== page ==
Biodegradation of Chlorinated Ethenes at a Karst Site in Middle Tennessee


This project examined the potential for biological degradation of TCE in karst aquifers. Biodegradation is often presumed to be an irrelevant attenuation process in karst aquifers because of short ground-water residence times, lack of bacteria, and unsuitable environmental conditions. To address these issues, hydrologic, biological, and geochemical information was gathered. The greatest challenge of this investigation was interpreting the results within the framework of the complex karst hydrology. Examining biodegradation in the shallow water-bearing zone near the top of the limestone bedrock was relatively straightforward. Identification was possible of a chlorinated-solvent plume, a general ground-water flow path, and a sequential pattern of oxidation-reduction zones in the shallow water-bearing zone. Two lines of evidence, geochemical and chlorinated-ethene data, sufficed to demonstrate the occurrence of TCE biodegradation in the shallow anaerobic zone (fig. 28). Since the aim of this study was to determine if biological degradation of chlorinated solvents was occurring in the karst aquifer, further examination of the shallow water-bearing zone was not done.

Byproducts of TCE reductive dechlorination were detected in water samples from the deeper karst aquifer; however, additional data was required to determine if the degradation byproducts were simply transported from the shallow water-bearing zone or if they were the result of biodegradation processes within the karst aquifer. Also, the complexity of the karst aquifer system made computerized fate-and-transport models useless for this site. In the karst aquifer, ground-water zones in close proximity to each other often varied in hydrology, biology, and geochemistry.

Geochemical parameters and chlorinated solvents measured quarterly in deep wells provided some understanding of spatial and temporal patterns in the karst aquifer. These data demonstrated that conditions were favorable for reductive dechlorination or cometabolic degradation pathways in various parts of the karst aquifer. After four sampling events, evidence showed that temporal patterns were not adequately characterized by the quarterly sampling schedule. Continuous monitoring devices were placed in four karst aquifer wells to gather information on temperature, pH, DO, ORP, specific conductance, and water levels to monitor aquifer stability. These continuous monitoring devices provided some of the most important information for identifying areas capable of sustaining biological degradation processes. The continuous monitoring devices confirmed water storage areas and active flow zones in the karst aquifer by linking specific conductance, ORP, and DO with hydrogeologic and weather information. This continuous monitoring information was used to interpret the bacteria and microcosms results (fig. 29).

Biological information similar to that described in other studies (Wilson and others, 1996) was gathered during the investigation. Additional biological data were needed because of the widespread perception that karst aquifers are not able to sustain large microbial populations. Determining if a sufficiently large and diverse microbial population capable of biodegrading the chlorinated solvents existed in the karst aquifer was critical for this investigation (fig. 30). This line of evidence was established by identifying bacteria known to degrade chlorinated solvents using molecular methods and traditional plate counts. Microcosms prepared from non-enriched well water demonstrated cometabolism or reductive dechlorination of TCE. Data resulting from these activities provided biological evidence that sufficient microbes were present in the karst aquifer and were capable of degrading TCE under expected site conditions.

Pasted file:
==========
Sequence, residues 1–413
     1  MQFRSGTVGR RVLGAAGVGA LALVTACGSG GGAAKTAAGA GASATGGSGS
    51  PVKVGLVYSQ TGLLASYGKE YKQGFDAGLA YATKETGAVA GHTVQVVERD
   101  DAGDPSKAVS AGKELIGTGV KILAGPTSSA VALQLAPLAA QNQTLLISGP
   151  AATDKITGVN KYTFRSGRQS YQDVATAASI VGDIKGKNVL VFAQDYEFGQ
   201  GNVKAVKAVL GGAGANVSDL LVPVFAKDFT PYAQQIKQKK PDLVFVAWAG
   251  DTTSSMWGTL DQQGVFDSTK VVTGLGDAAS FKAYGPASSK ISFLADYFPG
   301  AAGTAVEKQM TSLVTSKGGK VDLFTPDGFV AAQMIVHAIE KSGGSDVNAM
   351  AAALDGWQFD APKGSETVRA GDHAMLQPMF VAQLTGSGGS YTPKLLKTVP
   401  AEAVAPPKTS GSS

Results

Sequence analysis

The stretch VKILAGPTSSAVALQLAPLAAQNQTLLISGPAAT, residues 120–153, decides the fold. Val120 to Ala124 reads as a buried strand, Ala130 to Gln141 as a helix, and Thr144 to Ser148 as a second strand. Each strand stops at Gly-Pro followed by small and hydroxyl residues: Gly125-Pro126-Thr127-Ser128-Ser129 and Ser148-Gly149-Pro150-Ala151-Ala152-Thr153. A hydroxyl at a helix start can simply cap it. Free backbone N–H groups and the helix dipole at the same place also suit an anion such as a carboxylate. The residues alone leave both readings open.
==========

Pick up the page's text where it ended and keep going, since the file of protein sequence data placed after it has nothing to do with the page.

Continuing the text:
Hydrogeology was the principal factor influencing the biological and geochemical conditions in the karst aquifers (fig. 30). Therefore, the chemical and biological evidence had to be considered in the context of the hydrology. For example, temporal and spatial continuity of the aquifer geochemistry and ORP had to be taken into account before applying the results from the microcosm studies to the karst aquifer. Results from the microcosm studies indicated that anaerobic reductive dechlorination was possible in each well given strong anaerobic conditions. However, geochemical conditions in some parts of the aquifer fluctuate with the weather, preventing reductive dechlorination from occurring to the same extent as in the microcosms.

Although hydrology had the principal influence on the karst system, the appropriate geochemical conditions and biological assemblages also had to be present for TCE biodegradation to occur. Individually, hydrologic, biological, or chemical observations were insufficient to prove that TCE biodegradation was occurring in the karst aquifer. Together they provided convincing evidence that anaerobic and aerobic biological degradation processes were active in distinct areas of the karst aquifer.

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